close
close

Arizona’s Most Popular State Park: How to Visit It

Arizona’s Most Popular State Park: How to Visit It
Arizona’s Most Popular State Park: How to Visit It

play

The Grand Canyon State is home to 29 state parks that showcase Arizona’s natural beauty, historic moments and popular recreational spots.

While Grand Canyon National Park often overshadows other, lesser-known parks, Arizona’s state parks welcomed more than 3 million visitors in 2023, up 2% from the previous year.

With so many different places to explore, it can be difficult to choose which state park to visit. There is also the newly designated Rockin’ River Ranch State Park in Camp Verde.

Here’s everything you need to know about Arizona’s most popular state parks and how to visit them.

The 10 most visited state parks in Arizona

According to the Arizona Office of Tourism, these were the 10 most visited state parks in Arizona in 2023.

  1. Lake Havasu State Park: 484,716 visitors
  2. Slide Rock State Park: 430,476 visitors
  3. Catalina State Park: 270,482 visitors
  4. Patagonia Lake State Park: 243,147 visitors
  5. Dead Horse Ranch State Park: 219,439 visitors
  6. The Lost Dutchman State Park: 213,311 visitors
  7. Picacho Peak State Park: 167,142 visitors
  8. Kartchner Caverns State Park: 133,728 visitors
  9. Fool Hollow Lake Recreation Area: 129,360 visitors
  10. Tonto Natural Bridge State Park: 121,755 visitors

Lake Havasu State Park

Located near the famous spring break town, Lake Havasu State Park is known for its peaceful beach camping. The park also offers visitors boat access to the lake for water sports.

Details: 699 London Bridge Road, Lake Havasu City. Open 24 hours a day, seven days a week. $15-$20 per car (up to four people). azstateparks.com/lake-havasu

Ready to hit the road? This stunning road in Arizona has been named the most scenic road in the USA

Slide Rock State Park is a national park with a population of 1,600 and is located 1.7 km from the national park.

At Slide Rock State Park near Sedona, visitors can cool off in the refreshing waters of Oak Creek. Originally the Pendley Homestead, the state park is known for its slippery rocks that form a sort of natural slide. Slide Rock is 80 feet long and has a 7% gradient from top to bottom. Combined with the seaweed on the rocks, visitors are in for a real treat.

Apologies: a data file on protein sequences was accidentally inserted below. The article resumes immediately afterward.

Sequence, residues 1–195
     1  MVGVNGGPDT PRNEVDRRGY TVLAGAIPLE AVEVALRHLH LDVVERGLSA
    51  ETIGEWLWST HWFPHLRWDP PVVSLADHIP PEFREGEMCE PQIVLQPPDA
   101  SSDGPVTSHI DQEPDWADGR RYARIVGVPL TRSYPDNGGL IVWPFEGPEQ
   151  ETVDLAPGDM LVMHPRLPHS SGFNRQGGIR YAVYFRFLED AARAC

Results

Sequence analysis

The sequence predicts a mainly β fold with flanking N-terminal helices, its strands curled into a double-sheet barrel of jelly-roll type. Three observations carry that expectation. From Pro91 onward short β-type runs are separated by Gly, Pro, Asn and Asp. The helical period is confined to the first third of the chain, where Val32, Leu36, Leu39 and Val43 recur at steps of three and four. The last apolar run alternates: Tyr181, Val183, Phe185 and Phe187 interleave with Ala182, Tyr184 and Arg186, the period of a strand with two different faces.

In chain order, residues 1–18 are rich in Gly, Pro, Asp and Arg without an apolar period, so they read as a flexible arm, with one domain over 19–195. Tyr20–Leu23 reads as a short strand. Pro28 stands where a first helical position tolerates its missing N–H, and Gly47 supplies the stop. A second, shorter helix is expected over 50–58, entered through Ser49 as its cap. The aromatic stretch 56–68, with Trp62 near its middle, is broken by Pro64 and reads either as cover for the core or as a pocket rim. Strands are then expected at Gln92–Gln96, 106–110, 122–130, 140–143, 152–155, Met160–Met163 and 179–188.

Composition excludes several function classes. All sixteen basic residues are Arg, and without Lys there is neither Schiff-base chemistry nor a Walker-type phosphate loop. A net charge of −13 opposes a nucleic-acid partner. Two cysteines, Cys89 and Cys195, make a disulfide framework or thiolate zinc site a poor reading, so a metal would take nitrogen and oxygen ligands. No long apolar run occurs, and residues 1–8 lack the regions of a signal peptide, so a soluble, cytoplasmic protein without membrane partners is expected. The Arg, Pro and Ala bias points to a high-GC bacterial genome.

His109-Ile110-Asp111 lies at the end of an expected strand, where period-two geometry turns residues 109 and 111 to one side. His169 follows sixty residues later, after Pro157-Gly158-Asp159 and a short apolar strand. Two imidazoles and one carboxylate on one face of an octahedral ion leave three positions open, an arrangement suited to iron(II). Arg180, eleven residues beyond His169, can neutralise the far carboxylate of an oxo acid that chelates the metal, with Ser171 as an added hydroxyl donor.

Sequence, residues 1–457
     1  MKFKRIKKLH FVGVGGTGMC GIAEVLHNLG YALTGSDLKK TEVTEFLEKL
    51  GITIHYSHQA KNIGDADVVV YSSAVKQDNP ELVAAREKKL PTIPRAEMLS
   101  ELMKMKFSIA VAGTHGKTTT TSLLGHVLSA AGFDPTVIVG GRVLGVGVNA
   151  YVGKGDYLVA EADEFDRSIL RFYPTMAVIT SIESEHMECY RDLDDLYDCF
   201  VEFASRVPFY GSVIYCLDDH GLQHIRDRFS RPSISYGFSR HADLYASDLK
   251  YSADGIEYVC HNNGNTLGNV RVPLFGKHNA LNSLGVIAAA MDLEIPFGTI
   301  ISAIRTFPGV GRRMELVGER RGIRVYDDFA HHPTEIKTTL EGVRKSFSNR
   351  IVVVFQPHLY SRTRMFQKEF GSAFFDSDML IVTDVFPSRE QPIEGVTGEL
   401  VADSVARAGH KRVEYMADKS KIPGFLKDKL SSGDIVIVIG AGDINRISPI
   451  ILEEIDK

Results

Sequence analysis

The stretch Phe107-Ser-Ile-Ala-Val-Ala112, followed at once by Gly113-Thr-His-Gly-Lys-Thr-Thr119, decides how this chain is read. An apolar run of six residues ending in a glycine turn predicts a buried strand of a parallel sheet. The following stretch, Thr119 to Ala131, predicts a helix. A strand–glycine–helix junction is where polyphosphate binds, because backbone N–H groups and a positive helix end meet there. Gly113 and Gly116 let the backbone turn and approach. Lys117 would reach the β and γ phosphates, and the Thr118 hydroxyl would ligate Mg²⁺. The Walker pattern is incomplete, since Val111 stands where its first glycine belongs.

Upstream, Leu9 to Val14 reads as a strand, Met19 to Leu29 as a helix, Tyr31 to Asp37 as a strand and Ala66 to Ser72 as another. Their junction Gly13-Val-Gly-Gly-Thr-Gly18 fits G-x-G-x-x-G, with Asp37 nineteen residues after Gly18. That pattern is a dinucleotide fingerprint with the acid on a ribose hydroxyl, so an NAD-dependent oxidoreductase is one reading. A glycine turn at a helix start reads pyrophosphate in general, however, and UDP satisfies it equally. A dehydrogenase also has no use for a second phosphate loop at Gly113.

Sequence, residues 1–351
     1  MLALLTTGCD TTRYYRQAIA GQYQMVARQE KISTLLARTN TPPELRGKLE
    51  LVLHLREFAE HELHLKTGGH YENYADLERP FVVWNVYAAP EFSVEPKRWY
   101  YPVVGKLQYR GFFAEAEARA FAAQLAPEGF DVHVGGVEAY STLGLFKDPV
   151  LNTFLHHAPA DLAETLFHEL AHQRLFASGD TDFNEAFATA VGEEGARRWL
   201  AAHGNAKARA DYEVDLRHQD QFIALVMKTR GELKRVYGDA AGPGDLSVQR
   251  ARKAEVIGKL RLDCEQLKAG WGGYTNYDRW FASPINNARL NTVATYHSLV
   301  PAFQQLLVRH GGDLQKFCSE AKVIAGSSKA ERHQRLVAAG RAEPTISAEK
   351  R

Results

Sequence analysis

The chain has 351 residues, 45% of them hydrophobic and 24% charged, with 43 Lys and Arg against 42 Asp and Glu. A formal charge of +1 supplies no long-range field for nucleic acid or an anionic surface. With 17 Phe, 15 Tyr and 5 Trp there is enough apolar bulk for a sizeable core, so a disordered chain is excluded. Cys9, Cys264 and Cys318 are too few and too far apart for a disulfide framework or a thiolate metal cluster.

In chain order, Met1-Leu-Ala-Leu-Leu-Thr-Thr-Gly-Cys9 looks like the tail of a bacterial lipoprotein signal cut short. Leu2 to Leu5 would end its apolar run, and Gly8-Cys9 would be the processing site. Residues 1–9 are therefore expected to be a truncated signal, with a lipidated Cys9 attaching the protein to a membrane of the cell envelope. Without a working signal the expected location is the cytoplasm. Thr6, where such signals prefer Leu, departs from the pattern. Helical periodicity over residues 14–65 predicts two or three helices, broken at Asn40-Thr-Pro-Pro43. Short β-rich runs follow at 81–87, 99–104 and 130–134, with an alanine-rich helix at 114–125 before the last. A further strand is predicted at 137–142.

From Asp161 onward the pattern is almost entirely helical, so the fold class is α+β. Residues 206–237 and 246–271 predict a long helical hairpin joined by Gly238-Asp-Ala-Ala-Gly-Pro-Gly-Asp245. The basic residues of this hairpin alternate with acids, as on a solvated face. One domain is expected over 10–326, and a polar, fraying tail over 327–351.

Details: 6871 State Route 89A, Sedona. Daily March through November, 8 a.m. to 6 p.m.; December through February, 9 a.m. to 5 p.m. $10 to $30 per car (up to four people). azstateparks.com/slide-rock

The best swimming spots in Arizona: The coolest places to splash around this summer

Catalina State Park

Catalina State Park is located at the foot of the Santa Catalina Mountains in Tucson. The 5,500-acre park is a nature lover’s paradise with more than 5,000 saguaros and numerous wildlife-viewing trails.

Details: 11570 N. Oracle Road, Tucson. Daily 5 a.m. to 10 p.m. $7 per car (up to four people). azstateparks.com/catalina

Patagonia Lake State Park

Patagonia Lake State Park is an oasis in southern Arizona. The lake is perfect for swimming, fishing, and boating. The protected shore and hiking trails offer visitors the opportunity to observe deer and many different species of birds.

Details: 400 Patagonia Lake Road, south of Patagonia. Open daily; gates close 10 p.m. to 4 a.m. $15-$20 per car (up to four people). azstateparks.com/patagonia-lake

Dead Horse Ranch State Park

About 105 miles north of Phoenix, Dead Horse Ranch State Park is nestled in the gentle bends of the Verde River in Cottonwood. The park is perfect for hiking, camping and wildlife viewing in cool weather.

Details: 675 Dead Horse Ranch Road, Cottonwood. Daily 7 a.m. to 6 p.m. $7 per car (up to four people). azstateparks.com/dead-horse